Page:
Tuesday, May 10, 2011

The NDP in Quebec: Jacques' Bloc

NDP revisiting their Bill 101 backstabbing bill

Even a week after an election that delivered a Conservative majority government -- as opposed to a Liberal/NDP/Bloc Quebecois coalition -- the NDP is continuing to send Canadians further signs that the country very narrowly averted a catastrophe in 2008.

Canadians remember it well: Liberal leader Stephane Dion, having been firmly rebuked by the Canadian electorate, teamed up with Jack Layton and Gilles Duceppe in a desperate bid to save their per-vote subsidy.

They've still never told Canadians precisely what were the terms of their deal with the Bloc Quebecois -- who was not to be formally a part of the coalition, but still signed onto the formal agreement that would have birthed it.

But there is one thing we do know, courtesy of Liberal Party lead negotiator Marlene Jennings. It's been mentioned on this blog many times before, but in light of recent news, warrants being mentioned again.

The Bloc Quebecois had demanded that Bill 101 -- the infamous French-only sign law -- be applied to federally-regulated industries. The Liberal Party said no.

What Jennings seemingly never accounted for was that the NDP had already said yes. She already knew as much. She knew it before the Liberals and NDP ever came together to form that coalition.

Now, through the promised reintroduction of a private member's bill that would apply "elements of Bill 101" to federally-regulated industries in Quebec. The bill was up prior to the dissolution of Parliament and the calling of the 2011 election. Jack Layton promises it will be back.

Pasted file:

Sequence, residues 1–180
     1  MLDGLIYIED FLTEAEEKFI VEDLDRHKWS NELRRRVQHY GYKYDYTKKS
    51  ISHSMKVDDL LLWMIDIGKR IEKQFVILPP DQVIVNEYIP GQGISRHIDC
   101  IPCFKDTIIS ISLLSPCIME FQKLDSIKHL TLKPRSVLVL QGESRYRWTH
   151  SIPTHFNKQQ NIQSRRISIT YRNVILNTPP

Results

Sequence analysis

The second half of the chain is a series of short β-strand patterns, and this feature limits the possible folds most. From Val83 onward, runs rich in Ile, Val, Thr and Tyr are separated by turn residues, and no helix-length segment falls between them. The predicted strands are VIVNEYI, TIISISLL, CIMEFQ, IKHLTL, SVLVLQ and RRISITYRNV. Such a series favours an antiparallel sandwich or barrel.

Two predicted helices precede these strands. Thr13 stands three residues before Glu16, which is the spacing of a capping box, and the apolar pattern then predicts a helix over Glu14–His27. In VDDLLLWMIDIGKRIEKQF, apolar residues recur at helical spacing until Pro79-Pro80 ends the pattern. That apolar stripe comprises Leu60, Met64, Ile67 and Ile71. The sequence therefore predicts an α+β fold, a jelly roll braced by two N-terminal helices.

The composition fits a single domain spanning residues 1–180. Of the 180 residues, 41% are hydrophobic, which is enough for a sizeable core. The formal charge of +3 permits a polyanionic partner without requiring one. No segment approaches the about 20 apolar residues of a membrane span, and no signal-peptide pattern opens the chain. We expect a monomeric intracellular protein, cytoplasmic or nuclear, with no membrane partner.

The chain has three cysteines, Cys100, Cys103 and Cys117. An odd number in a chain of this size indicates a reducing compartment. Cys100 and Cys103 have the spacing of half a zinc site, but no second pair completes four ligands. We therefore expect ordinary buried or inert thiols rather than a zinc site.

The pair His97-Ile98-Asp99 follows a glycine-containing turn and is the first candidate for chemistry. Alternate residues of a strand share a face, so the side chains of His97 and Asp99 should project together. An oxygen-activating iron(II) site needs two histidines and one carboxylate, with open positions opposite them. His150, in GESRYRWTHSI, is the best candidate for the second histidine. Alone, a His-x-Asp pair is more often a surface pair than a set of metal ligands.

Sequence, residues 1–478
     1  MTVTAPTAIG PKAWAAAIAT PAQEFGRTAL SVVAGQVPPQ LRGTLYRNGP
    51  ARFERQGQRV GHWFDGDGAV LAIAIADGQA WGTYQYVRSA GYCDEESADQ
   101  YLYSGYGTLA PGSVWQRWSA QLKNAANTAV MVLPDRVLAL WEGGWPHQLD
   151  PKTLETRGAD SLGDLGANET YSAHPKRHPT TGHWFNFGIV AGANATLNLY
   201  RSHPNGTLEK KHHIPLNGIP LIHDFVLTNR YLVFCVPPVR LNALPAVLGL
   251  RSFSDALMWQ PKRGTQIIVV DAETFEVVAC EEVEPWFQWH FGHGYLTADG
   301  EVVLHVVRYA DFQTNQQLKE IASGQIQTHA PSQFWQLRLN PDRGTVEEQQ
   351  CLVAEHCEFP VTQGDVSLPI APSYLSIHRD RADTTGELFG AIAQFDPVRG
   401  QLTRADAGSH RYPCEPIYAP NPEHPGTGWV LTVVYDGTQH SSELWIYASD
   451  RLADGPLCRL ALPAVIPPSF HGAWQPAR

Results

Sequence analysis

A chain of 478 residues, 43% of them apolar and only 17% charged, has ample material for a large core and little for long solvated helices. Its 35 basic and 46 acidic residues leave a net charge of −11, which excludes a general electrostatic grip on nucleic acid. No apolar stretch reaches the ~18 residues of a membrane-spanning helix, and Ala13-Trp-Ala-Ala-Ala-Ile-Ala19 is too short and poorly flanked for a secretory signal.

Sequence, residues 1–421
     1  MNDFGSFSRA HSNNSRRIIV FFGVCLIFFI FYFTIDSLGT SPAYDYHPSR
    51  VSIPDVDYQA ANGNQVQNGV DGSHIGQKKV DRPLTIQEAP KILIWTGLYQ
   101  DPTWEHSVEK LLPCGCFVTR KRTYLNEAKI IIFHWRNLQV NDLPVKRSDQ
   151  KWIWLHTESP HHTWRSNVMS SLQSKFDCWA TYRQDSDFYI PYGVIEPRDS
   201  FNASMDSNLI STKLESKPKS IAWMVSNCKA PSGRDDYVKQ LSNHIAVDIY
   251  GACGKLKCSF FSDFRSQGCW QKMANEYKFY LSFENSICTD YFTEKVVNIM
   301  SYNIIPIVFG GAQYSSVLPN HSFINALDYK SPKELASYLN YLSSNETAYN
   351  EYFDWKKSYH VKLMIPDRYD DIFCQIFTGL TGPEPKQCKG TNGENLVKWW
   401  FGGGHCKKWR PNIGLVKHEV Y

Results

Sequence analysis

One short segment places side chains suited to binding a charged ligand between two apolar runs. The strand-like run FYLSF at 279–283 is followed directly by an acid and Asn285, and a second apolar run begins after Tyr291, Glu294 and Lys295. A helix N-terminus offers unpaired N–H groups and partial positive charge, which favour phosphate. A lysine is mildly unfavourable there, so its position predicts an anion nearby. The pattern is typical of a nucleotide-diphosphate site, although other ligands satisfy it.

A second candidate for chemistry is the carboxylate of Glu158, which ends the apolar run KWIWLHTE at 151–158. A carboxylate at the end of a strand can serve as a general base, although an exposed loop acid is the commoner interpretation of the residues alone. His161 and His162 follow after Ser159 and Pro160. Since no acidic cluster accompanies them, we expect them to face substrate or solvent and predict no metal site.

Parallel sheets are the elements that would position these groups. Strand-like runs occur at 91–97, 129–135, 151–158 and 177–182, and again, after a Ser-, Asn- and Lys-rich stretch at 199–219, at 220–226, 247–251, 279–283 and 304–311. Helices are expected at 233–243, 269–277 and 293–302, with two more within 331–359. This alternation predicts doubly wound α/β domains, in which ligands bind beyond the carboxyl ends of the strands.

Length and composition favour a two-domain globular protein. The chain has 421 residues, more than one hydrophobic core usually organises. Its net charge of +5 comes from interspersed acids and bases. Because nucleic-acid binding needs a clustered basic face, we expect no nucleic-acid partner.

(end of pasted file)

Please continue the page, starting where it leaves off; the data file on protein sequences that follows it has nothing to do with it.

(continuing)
“It’s a very, very important law,” Layton declared.

The Bill, which originated with Thomas Mulcair, is allegedly meant to protect the right of workers in federally-regulated industries to communicate in French, without denying Anglophone employees the right to communicate in English.

The problem with all of this is that such a bill hasn't been necessary since the 1970s.

In reality, the bill is about something different: about the NDP supplanting the routed Bloc Quebecois as the voice of Quebecois nationalism.

“It’s obviously a political play to appeal to nationalists,” said associate director of the University of Ottawa Graduate School of Public and International Affairs Robert Asselin. “But in terms of feasibility, it’s a very irresponsible promise.”

“The country has moved forward on linguistic issues,” Asselin said. “It is not as confrontational as it used to be.”

But to Jack Layton, this detail may come second to the reality that, for the NDP, defeating the Bloc Quebecois may not be enough. Now that the NDP has seized control of the electoral coaliton that had previously sustained the Bloc Quebecois, it seems the NDP wants to render it permanent.

It isn't enough that the NDP defeated the Bloc Quebecois. It seemingly wants to become the Bloc Quebecois. With one seeming separatist MP (Pierre-Luc Dusseault) in the mix, this may be more than idle speculation: it may be only a matter of time.

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